Let me shift to the steps we're taking to position the company for long-term success starting with the gas business. We're maintaining the momentum that we established last year with safety improvement efforts in gas operations, and Chris is going to provide you with lots more detail on what's planned for 2012.

We've also now essentially completed the restructuring of the gas business, which has significantly improved accountability and the expertise in the organization. Recently, several highly experienced gas industry veterans have come onboard, filling our remaining vacancies for vice presidents overseeing key areas in gas operations. By the end of this quarter, we hope to complete the last of our high-level hires and have the team completely in place. We're also continuing to add new talent in other areas of the company. This includes officers with excellent credentials in customer care and information technology, which clearly are areas that where we can benefit from their deep expertise.

And then most recently, we announced the hiring of Ed Halpin from the South Texas Project as the Senior Vice President and Chief Nuclear Officer. Ed's full-time presence at Diablo Canyon builds even greater depth into an already strong nuclear program that we've got.

All of these additions to the team give me greater confidence that we're making the changes necessary to achieve a new level of performance and operations in customer service. Everyone on the team is focused on safety compliance and continuous improvement and working to close the gaps between where we are today and where we need to go to deliver outstanding service to our customers.

So last, let me touch on rebuilding relationships. Chris and I and many of our other senior leaders continue to meet as often as possible with customers, policymakers, business partners and others. It's become clear to me from the conversations that we have that our stakeholders do want us to be successful, and broadly speaking, we're getting positive feedback on the direction that we're moving.

In that vein, a few recent successes are worth noting, because I think they demonstrate we're doing a better job of listening to our customers. So for example, for that segment of customers who do not want to participate in our SmartMeter program, we now have an opt-out alternative. Another example is the economic development rate that we've proposed to the CPUC. In these difficult economic times, this is a way to bring electric rate relief to businesses that need it to preserve or create jobs at our service area. And finally, for our residential customers, we're working to further modify the current multi-tiered rate structure to streamline and simplify it and improve the affordability of our service.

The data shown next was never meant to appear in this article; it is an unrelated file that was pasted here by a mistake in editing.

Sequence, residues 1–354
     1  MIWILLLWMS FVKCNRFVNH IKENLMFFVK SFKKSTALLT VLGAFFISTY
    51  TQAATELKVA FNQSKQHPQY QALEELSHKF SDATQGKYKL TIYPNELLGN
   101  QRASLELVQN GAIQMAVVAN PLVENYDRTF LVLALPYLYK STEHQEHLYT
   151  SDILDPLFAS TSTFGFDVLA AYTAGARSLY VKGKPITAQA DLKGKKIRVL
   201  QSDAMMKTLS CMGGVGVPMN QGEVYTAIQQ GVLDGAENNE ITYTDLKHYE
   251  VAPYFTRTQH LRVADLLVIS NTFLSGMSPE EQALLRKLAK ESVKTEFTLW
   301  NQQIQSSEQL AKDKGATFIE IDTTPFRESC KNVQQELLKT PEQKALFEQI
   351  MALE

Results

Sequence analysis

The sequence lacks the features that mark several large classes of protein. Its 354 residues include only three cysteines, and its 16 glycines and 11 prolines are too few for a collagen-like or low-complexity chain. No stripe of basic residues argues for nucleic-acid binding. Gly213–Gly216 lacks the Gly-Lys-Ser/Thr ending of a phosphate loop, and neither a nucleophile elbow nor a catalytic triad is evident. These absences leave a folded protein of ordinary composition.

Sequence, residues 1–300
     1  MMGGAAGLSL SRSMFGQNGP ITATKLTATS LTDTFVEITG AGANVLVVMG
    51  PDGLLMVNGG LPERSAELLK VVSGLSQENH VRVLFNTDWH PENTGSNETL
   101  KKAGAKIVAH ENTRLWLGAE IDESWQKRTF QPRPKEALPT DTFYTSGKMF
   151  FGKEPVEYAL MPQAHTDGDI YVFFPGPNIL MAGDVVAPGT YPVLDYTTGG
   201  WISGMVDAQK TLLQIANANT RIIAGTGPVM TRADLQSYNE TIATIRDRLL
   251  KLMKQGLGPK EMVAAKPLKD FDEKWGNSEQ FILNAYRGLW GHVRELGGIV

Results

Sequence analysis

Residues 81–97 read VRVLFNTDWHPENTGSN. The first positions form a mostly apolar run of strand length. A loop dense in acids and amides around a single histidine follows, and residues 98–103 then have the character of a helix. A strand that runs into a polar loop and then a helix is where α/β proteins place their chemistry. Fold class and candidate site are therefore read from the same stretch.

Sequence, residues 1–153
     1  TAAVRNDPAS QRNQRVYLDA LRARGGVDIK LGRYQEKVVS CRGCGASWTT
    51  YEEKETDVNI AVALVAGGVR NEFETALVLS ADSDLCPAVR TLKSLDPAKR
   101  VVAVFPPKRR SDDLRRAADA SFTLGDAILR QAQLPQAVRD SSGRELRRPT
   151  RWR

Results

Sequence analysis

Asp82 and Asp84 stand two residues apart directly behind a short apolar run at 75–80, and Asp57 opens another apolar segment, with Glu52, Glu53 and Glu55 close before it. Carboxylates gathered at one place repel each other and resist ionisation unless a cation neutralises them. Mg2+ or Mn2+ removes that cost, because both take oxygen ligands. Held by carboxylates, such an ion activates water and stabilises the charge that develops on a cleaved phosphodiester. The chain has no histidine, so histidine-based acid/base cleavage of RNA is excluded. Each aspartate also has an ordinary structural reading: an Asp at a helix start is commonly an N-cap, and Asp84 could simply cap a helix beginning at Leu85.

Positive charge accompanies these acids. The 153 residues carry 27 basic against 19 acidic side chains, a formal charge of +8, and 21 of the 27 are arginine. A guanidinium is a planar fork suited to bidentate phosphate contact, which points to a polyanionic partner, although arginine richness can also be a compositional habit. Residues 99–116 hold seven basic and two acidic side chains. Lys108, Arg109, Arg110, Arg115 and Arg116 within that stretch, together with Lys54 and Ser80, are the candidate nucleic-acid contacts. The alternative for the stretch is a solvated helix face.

Rebuilding relationships will be a long-term effort, but these are steps in the right direction, and we'll continue to look for these kinds of opportunities going forward. Ultimately though, we know that the key is for us to continue to deliver what we say we're going to deliver. Importantly, we did that last year when we completed our aggressive hydrostatic testing commitment and our operating pressure validation in our high-consequence gas transmission pipelines.

So with that introduction, let me turn the mic over to Chris. Chris?

Christopher P. Johns

Thanks, Tony. Good morning, everyone. So this morning, I'm going to provide the regulatory and operational updates that are described briefly on Slide 3. Starting with the regulatory side, procedural schedules have now been set for all 3 of the gas investigations with hearing dates scheduled for the fall. The CPUC staff has filed its findings and reports in 2 out of the 3 of those investigations, and they are going to provide the report on the third one at the end of this month. These are all important milestones in each of the cases on our path forward towards resolution.